229th anniversary of the death of Jean Baptiste Lapaise de Védrines
Today – January 15 – is the 229th anniversary of the death of Jean Baptiste Lapaise de Védrines, the father of the Vidrine family in LA. It’s because of his courage as a French Marine and the first from the Védrines family to leave France and to come to the New World that thousands in the US now share his name and heritage. From a career as an Officer in the French Marines (21 years) in New Orleans and Fort Chartres, IL to a Cattle Farmer on the Opelousas Prairie where he died at 75, he left behind a legacy of patriotism, hard work, faithfulness to the Lord and dedication to family. It was only after his death on this day in 1788 that his two sons would leave the Opelousas Post and head a little west by 1806 near what would become Ville Platte. His wife, Elisabeth, would live nearly 30 more years. Unfortunately, his tomb at the Opelousas Post has been lost in time.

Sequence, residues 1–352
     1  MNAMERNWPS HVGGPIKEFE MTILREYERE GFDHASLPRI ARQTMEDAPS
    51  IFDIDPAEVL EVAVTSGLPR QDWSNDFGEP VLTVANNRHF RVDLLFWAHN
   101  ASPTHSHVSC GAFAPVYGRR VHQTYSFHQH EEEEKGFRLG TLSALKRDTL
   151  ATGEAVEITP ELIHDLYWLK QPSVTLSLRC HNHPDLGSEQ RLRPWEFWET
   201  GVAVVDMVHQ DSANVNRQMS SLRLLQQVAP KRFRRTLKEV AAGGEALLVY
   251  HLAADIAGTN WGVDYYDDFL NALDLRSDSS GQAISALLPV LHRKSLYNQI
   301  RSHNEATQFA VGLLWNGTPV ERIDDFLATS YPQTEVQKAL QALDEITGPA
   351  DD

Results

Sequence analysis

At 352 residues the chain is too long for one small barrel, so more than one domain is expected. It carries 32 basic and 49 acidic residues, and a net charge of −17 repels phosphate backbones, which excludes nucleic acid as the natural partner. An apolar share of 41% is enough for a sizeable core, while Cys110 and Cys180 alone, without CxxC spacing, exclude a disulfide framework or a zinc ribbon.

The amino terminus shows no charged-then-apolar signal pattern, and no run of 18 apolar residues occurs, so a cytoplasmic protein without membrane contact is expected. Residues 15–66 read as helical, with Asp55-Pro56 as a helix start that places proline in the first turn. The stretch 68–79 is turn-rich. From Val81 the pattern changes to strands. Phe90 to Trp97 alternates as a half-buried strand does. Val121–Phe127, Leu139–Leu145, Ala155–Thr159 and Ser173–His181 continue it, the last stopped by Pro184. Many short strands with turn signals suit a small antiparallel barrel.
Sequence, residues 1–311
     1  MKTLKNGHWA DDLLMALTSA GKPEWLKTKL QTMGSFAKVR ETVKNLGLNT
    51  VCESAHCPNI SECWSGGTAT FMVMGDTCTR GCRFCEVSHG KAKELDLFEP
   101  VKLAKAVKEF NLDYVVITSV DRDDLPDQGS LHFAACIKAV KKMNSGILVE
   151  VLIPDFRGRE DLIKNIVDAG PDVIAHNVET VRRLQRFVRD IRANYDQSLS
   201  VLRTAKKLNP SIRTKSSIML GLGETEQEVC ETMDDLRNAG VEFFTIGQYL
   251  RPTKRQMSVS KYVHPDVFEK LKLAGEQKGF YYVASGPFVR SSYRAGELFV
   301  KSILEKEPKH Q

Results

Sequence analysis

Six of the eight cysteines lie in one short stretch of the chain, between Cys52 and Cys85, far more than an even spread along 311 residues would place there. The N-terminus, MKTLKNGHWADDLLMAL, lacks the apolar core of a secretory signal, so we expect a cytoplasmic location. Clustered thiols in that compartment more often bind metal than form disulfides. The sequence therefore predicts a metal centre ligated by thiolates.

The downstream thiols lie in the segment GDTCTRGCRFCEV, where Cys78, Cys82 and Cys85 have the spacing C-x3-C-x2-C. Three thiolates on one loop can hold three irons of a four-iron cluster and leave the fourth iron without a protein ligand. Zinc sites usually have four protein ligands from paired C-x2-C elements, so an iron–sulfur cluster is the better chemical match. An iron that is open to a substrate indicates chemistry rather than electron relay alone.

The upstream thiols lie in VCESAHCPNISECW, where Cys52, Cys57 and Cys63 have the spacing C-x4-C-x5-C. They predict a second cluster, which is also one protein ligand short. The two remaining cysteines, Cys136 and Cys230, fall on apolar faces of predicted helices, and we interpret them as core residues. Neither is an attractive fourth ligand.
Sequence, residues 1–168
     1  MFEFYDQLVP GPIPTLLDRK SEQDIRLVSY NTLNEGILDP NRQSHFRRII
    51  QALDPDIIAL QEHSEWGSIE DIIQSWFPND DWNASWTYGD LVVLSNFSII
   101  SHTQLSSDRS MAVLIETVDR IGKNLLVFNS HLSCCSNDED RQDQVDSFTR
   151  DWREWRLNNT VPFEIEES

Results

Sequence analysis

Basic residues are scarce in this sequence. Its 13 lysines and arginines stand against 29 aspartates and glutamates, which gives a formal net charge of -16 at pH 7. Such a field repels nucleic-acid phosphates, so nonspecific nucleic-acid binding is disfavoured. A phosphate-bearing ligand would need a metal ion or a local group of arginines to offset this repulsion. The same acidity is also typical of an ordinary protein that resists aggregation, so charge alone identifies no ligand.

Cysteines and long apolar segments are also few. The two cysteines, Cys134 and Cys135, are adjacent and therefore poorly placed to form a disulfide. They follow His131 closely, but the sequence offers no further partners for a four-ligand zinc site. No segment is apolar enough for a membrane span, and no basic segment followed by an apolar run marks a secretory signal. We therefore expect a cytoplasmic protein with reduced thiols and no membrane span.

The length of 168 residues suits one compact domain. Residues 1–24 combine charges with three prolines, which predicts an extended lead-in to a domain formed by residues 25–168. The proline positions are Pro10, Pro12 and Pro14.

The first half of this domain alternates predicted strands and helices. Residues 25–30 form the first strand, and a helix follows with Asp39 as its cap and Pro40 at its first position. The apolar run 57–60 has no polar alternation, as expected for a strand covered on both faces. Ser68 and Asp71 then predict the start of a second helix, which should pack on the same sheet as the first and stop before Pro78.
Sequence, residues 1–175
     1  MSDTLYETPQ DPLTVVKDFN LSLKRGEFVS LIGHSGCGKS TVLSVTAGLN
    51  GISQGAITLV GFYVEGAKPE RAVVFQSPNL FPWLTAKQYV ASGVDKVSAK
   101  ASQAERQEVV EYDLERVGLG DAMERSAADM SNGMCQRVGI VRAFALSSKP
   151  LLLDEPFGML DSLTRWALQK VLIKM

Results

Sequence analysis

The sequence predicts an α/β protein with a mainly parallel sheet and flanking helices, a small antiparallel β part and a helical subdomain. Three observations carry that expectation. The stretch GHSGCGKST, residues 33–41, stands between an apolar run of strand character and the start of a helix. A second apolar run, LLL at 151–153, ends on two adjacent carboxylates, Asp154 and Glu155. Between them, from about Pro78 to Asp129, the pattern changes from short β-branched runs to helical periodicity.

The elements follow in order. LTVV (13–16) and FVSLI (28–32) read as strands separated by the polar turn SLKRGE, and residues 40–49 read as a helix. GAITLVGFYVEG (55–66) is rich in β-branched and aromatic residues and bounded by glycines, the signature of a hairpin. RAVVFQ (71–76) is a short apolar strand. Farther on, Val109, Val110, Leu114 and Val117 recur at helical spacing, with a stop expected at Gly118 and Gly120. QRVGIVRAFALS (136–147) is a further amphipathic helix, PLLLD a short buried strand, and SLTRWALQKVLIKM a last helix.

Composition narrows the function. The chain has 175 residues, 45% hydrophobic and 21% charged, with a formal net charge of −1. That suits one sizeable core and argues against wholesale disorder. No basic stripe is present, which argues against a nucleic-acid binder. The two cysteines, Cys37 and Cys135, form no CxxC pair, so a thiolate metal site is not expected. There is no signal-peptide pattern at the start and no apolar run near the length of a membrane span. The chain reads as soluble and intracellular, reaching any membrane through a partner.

This is the funeral record of Jean Baptiste Lapaise de Védrines at St. Landry church in Opelousas, recorded by Spanish Missionary Fr. Joseph de Arezena, the fourth pastor (from 1785 to 1789). He notes that Jean Baptiste died in the grace of Christ, receiving the Sacraments with “particular devotion”. We pray for his soul and the souls of all in the Vidrine family who have died. May we die, like Jean Baptiste, in the grace of Christ with the hope of rising with Him on the last day!
On the 16th day of January of the year 1788 was buried in the cemetery of this parish church of Opelousas, of the Province of Louisiana under the Bishop of Havana, the body of Mr. Jean Vedrine, retired officer, who died yesterday, at almost at 80, having received the holy Sacraments of Penance, Eucharist, and Extreme Unction, which were administered and received with particular devotion and for the record, I have signed it stating the day, month and year. Fr. Joseph de Arazena, Pastor